In GQ’s 2019 New Masculinity issue, Pharrel Williams apologized and distanced himself from his 2013 hit single Blurred Lines because of its sexually predatory undertones .

“I realised that we live in a chauvinist culture in our country. I hadn’t realised that before and didn’t realise some of my songs catered to that. So that blew my mind,” he explained. Him and many others distancing themselves and denouncing this toxic type of behaviour was an important step in moving towards a more culturally sensitive mindset especially following the #METOO movement where aspects of toxic masculinity were being exposed. 


Many acknowledged this wave as a new form of masculinity. The ability to proudly own one’s feminine aspects paired with the blurring of gender roles by the LGBTQ+ community influenced fashion’s revolution in the western world.  According to a Williams Institute study from 2016, 1.4 million adults in the US don’t identify with their birth gender, offering further evidence that many people – particularly those belonging to Gen Z – no longer feel constrained by binary notions of gender. 

 

“I feel like people are kind of confused about gender norms. I feel like people don’t really get it. I’m not saying that I get it, I’m just saying that I’ve never seen any distinction. I don’t see man clothes and woman clothes, I just see scared people and comfortable people,” explained Jaden Smith in an interview with British GQ style. 



In Italy however, the wave of gender fluidity is moving a bit slower. This is reflected in the way people think and act towards the mixing of genders throughout fashion.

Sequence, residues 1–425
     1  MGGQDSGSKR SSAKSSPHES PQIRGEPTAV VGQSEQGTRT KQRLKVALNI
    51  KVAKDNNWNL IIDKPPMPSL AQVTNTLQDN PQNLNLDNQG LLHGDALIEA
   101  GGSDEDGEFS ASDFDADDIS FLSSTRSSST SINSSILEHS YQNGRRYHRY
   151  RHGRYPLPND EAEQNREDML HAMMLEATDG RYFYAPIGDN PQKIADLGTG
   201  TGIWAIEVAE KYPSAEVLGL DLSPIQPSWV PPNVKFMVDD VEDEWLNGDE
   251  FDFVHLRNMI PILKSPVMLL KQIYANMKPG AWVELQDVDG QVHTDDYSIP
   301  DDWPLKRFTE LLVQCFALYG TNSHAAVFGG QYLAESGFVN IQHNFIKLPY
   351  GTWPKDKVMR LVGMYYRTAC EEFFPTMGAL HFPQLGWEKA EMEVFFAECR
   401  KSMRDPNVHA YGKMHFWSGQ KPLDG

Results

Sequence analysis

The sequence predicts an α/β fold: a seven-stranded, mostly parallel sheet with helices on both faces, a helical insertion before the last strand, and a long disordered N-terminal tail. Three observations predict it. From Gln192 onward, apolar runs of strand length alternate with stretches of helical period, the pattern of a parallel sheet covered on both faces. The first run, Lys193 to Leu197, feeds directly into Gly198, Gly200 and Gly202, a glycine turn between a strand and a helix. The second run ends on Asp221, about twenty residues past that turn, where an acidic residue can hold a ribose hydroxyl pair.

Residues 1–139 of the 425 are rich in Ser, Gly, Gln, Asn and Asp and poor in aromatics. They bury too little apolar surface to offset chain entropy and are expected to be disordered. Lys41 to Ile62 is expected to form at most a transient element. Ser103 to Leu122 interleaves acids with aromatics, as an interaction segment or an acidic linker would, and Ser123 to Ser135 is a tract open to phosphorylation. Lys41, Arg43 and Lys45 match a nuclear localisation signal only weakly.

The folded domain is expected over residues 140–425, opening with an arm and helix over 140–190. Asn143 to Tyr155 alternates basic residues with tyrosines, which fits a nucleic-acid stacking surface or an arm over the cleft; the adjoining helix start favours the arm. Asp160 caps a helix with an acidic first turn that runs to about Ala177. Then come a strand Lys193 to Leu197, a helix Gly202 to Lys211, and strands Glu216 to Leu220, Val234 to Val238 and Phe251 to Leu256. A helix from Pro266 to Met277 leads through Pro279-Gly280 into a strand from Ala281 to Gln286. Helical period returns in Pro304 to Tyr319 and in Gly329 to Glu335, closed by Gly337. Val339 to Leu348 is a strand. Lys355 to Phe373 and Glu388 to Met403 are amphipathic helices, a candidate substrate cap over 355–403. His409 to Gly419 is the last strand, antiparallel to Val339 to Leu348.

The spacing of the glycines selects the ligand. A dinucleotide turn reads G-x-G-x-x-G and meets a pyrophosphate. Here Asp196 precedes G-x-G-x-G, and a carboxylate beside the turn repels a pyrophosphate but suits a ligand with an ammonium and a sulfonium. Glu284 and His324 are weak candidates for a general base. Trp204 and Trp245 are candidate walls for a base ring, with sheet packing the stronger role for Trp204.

A few weeks ago during Ghali’s fashion week errands, the singer chose to dress himself in a pink coat for the Gucci show. Not long after posting images, the singer received a wave of homophobic backlash on instagram from followers who were not in agreement with his feminine look.

A few weeks after, artist Achille Lauro debuted at Sanremo music festival with a series of flamboyant Gucci looks and his performance of the hit song “Gli uomini non cambiano mai” by Mia Martini. Following this the artist published some notes on his bleak experience with the construct of traditional masculinity and homophobia in Italy.  

The general feedback was a mixture of positivity as well as negativity but it calls for concern as to why Italy is so behind in the evolution of its collective consciousness. According to Dr Guido Giovanardi, a research doctor and psychotherapist that deals with gender identity in the department of dynamic and clinical psychology of the La Sapienza University of Rome, Italy’s ties to traditional masculinity runs deep.

 

“ I think in Italy we have cultural roots that at times appear to be more Mediterranean than European, we align more with certain cultures like North Africa , Turkey or Greece whose gender roles are quite strong and consolidated as a result of our history. If you visit anywhere in the South of Italy today, you’ll witness a wedding that seems like a wedding from the 50’s. We’ve just not had that immersive process of democratization which a country like Spain was able to have. Of course it also has to do with the presence of the Vatican and the importance of catholic education in the school as Christianity helps enforce these gender roles. Little by little things seem to be changing but very slowly. ”